Liverpool’s story telling: a different way to approach football

“I can categorically tell you Mario Balotelli will not be at Liverpool,” Brendan Rodgers said earlier this month.

There’s quite a difference between that sort of statement and the sort that Mr Wenger says, which is mostly of the “I can’t tell you, because nothing is agreed, but yes, we are looking,” variety.

But what puzzles me is why would Rodgers say something like this?

First off we know that his boss, John Henry, finally admitted earlier this year that he lied comprehensively last year when denying that Luis Suarez had a £40m buy out clause.

At the time of Arsenal’s bid Liverpool were adamant that offer would not trigger the release of Suarez.  But Mr Henry, speaking at the MIT Sloan Sports Analytics Conference said…

“Luis Suarez is the top scorer in the English Premier League, which is arguably the top soccer league in the world.   He had a buyout clause of £40m. Arsenal, one of our prime rivals, offered £40m plus £1. What we’ve found … is that contracts don’t seem to mean a lot in England – actually, in world football.

“It doesn’t matter how long a player’s contract is, he can decide he’s leaving. We sold a player, Fernando Torres, for £50m, that we did not want to sell, we were forced to.   Since apparently these contracts don’t seem to hold, we took the position that we’re just not selling.

“It’s been great for Luis, it’s been great for us. We have three gentlemen up front Suárez, Sterling, and Sturridge, they are young, I think those three could be together for a long time.”

So, for Henry telling fibs was justified because it kept Suarez at the club longer, and contracts are not worth the paper they are printed on – although perhaps Suarez did not stay for as long as predicted.  And he was lucky – had Barcelona not been in such a mess with their transfers of children, and been so obviously going to lose their appeals (which were based on the concept of “We are Barcelona, don’t be silly with such accusations”) then the sale at such a price would not have been possible.

But of course in sport you roll with your luck and curse your bad luck.  That’s how it goes.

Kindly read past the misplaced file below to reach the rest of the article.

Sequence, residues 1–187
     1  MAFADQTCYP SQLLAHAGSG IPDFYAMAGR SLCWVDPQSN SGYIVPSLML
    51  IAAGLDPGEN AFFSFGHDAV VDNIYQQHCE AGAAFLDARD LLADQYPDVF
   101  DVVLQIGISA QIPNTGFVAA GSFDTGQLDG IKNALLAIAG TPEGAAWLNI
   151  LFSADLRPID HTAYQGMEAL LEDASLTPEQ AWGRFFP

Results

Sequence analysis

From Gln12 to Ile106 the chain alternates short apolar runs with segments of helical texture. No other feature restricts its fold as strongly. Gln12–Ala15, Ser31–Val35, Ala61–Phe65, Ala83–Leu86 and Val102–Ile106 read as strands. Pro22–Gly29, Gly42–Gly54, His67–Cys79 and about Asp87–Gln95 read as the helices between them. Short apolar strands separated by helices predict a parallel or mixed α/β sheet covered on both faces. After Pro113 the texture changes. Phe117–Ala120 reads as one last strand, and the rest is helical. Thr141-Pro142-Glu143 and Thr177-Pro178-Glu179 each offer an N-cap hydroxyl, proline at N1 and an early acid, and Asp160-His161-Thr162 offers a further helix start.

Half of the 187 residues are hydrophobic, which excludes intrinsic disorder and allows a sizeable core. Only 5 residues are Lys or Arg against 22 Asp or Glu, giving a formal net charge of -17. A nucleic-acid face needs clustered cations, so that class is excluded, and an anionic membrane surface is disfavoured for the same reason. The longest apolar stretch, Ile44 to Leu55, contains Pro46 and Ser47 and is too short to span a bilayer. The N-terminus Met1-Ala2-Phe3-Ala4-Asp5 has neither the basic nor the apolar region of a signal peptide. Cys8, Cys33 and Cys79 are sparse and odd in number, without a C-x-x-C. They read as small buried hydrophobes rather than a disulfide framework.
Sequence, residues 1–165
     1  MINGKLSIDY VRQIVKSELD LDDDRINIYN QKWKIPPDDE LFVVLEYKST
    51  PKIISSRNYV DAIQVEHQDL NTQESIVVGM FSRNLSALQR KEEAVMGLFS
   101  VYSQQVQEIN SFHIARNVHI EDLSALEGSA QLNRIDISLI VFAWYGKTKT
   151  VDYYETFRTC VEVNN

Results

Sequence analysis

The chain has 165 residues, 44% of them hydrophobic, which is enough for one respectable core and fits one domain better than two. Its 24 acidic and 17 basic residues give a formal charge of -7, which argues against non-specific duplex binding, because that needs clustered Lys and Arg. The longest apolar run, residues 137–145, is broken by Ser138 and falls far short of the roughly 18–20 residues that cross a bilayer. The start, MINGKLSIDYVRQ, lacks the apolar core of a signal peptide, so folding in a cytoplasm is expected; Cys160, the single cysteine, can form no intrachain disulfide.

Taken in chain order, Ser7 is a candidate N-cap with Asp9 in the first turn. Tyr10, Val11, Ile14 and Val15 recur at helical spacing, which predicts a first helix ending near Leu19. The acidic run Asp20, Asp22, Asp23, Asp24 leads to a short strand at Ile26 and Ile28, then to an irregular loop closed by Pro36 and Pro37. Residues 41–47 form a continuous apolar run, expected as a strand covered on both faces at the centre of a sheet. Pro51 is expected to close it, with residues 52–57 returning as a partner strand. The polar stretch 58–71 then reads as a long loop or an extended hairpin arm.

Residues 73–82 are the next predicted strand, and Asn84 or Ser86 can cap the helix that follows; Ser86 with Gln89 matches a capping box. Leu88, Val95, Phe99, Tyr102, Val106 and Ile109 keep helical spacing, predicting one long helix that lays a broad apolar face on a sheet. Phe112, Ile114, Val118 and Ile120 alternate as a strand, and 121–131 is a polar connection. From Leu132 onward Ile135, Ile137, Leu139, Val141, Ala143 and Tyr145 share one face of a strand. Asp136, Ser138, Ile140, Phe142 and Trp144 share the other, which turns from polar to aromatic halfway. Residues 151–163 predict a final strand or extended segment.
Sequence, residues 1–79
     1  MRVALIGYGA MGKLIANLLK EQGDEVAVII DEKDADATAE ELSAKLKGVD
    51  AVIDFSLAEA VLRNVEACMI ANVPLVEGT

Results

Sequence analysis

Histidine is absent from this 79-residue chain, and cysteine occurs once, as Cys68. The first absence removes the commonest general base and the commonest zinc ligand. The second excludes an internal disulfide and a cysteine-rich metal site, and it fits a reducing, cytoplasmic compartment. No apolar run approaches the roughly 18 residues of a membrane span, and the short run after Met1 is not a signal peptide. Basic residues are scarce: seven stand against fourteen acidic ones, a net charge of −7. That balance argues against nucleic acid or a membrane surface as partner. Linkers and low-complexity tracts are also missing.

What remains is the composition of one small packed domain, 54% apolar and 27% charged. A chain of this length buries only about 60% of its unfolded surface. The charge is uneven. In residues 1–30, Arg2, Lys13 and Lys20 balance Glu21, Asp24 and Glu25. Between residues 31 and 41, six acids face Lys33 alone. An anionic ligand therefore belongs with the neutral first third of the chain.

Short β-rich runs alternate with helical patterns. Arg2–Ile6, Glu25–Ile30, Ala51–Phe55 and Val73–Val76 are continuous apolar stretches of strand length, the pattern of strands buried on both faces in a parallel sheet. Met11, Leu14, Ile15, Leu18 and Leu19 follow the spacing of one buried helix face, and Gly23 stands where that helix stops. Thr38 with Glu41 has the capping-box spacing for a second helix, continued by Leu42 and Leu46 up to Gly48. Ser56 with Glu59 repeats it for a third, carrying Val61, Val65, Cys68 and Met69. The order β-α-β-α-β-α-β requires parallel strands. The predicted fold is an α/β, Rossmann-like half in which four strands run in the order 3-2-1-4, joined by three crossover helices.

Yet still the question is, why have two senior Liverpool officials so openly said things that turned out not to be true? What’s the point?

Reading Henry’s speech he probably did it because he wanted to talk himself up in a big conference.  But Rodgers?  Could it have been that he didn’t know they were buying Balotelli?  Was he personally against buying Balotelli?  Did he have any concern about buying a player who seemed to want to come to Arsenal through the summer and whose club were clearly trying to off-load him all summer?  Was he afraid that even at the last minute Balotelli wouldn’t turn up at the right airport?

Of course the press are so keen to get a story – any story – that they are willing to talk to anyone and any institution, including one that is run by a man who boasts about his ability to pull the wool over the eyes of a rival by telling fibs and another who tells the media something that turns out to be very untrue.   The Guardian ran the Henry story, as did the Mail (the Guardian’s political enemy) and Sky Sports, plus numerous blogs.  But the rest of the papers ignored it and no one is linking it to the Balotelli denial.

Which, when you come to think about it, is interesting, because it suggests that there is a worry about credibility here.  The press had been running the story about there being no such clause in the Suarez contract, and Arsenal backed off once Liverpool adopted that line.   When Henry admitted Arsenal were right, the media mostly backed away and said nothing.